Business & Economy

Internet providers talk expanded buildout, temper concerns about longevity

Vermont Electric Cooperative
A study estimated it would cost $284 million for Vermont utilities to also provide internet service to underserved areas. Photo courtesy VEC

Covid-19 has sparked something of a broadband renaissance in Vermont.

When the pandemic hit, and people were forced to work and learn from home, internet providers and officials scrambled to address longstanding gaps in broadband access statewide. 

And the announcements are still coming out: AT&T said Tuesday that it had expanded adding 62 new cell sites in 52 towns across the state to offer more coverage on its network. 

VTDigger recently talked to two Vermont-based internet providers — ECFiber, in the east-central part of the state, and VTel, in its southern corridor — about updates in the broadband infrastructure expansions they’ve made so far as the coronavirus crisis continues. 

“We are still building out,” said Chris Recchia, managing director of ValleyNet, which runs the ECFiber broadband network. “Even though we’ve finished building in 13 of our 23 towns, we're going to build nine of the 10 left this year.”

He said the provider is connecting regular customers at a rate of about 50 per week. 

“We’ve moved pretty much everything up to 2020, and we’re trying to accelerate those people who didn’t really have any internet through the summer so they’re ready to go in the fall,” he said.

Recchia said that in areas with infrastructure already in place, the provider so far has equipped 32 households with free installation and services. Those are households with school kids on free- or reduced-lunch plans or who qualify for food stamps. 

That promotion had originally lasted until the end of April, but it was then pushed back to the end of June and now remains until the end of August.

But the provider had also gotten requests for free service in places without the needed buildout, Recchia said. Twenty of those households are in places where plans are still in motion for infrastructure upgrades, he said, primarily in Randolph.

A remaining nine households qualify for the free services but require underground installation, he said, which is costly to the consumer.

So the provider is offering a new promotion: For anyone who provides a deposit before Aug. 31, ECFiber will pay up to $1,000 for underground hookups. 

For people who don’t qualify for free services, Recchia said, the provider wants to finish build-outs in their towns by the end of the year.

VTel — short for Vermont Telephone Co. — has 14 WiFi hotspots up and running around the state that it installed because of Covid-19, said Michel Guite, the company’s president.

Michel Guite, president of VTel. Photo by Mike Dougherty/VTDigger

He said the company has turned on a wireless tower in Whitingham — one that had already been in the works — and is working to get one on in Greensboro, too.

VTel has spent about $300,000 on replacement batteries and redundancy equipment — in case of a power failure, for example — for the most used of its 150 wireless towers around the state, Guite said, a move to ensure the company can meet the increasing demand for internet.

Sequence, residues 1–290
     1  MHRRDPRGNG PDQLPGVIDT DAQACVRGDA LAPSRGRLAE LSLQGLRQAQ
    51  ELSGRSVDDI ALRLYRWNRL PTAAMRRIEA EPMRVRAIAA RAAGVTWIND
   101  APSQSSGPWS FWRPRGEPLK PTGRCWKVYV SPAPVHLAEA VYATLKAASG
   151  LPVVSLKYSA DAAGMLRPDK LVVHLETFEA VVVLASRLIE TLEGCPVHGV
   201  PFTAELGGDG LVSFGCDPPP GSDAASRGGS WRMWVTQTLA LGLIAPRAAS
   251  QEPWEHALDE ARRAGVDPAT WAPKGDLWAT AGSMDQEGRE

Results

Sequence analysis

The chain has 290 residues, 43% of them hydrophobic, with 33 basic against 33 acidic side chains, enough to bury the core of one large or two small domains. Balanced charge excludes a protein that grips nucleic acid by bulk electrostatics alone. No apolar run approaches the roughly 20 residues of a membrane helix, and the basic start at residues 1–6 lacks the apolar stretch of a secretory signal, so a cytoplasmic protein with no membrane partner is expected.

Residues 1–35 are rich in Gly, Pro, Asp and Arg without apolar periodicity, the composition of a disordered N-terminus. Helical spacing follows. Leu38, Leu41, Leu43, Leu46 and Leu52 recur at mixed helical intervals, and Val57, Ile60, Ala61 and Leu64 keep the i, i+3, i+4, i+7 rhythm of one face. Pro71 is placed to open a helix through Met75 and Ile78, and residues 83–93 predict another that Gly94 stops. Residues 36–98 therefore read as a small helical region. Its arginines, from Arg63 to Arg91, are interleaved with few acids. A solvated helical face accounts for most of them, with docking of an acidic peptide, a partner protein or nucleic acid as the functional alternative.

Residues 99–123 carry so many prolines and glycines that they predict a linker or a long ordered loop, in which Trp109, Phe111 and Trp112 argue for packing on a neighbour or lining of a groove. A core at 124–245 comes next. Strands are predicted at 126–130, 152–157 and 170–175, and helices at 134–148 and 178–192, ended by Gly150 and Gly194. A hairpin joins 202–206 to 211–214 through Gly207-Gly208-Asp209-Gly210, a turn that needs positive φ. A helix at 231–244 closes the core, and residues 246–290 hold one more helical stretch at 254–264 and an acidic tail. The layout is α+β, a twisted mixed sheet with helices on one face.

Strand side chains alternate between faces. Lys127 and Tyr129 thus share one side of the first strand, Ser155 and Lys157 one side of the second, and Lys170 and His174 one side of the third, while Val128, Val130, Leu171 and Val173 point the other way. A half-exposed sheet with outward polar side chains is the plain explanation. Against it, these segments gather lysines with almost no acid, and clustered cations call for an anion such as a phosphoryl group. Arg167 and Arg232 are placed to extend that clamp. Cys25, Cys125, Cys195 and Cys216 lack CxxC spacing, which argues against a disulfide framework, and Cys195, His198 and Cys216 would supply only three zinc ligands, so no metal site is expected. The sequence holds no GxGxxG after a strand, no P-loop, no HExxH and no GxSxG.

He said the company is also buying more radio spectrum from the Federal Communications Commission so that it has the capacity to offer more service if the pandemic continues. 

The broadband upgrades around the beg a question: Will it last? 

Both Guite and Recchia think so.

“It’s a crazy worry,” Guite said of concerns that buildout and service expansions will end if Covid-19 fades. “Of course it’s going to continue.”

Chris Recchia
Chris Recchia, managing director of ValleyNet. File photo by John Herrick/VTDigger

As Recchia put it: “We’re not going to just take it all down and roll it up and walk away. It’s an investment that’s going to last many decades into the future, so we should continue to use it.”

Recchia said ECFiber hopes to gain enough customers to support a reduced rate for people currently receiving free services once their offer ends. 

That’s one thing the provider is looking to government grants for, he said. ECFiber received an offer from a foundation, which he declined to name, to invest $300,000 to help sponsor reduced pricing, he said. 

That would make up a third of the cost, he said. If ECFiber could get another third from the state or federal government, and the remainder from local businesses, it could offer a reduced rate “probably indefinitely,” he said.

But as SevenDays reported last week, lawmakers have scaled down the state’s new broadband plan from $100 million to $43 million, with only about $13 million proposed for connecting Vermonters to high-speed internet.

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Justin Trombly

About Justin

Justin Trombly covers the Northeast Kingdom for VTDigger. Before coming to Vermont, he handled breaking news, wrote features and worked on investigations at the Tampa Bay Times, the largest newspaper in Florida. He grew up across Lake Champlain in upstate New York, where he worked for The Buffalo News, the Glens Falls Post-Star and the Plattsburgh Press Republican. He studied English and political science at the University of Rochester.


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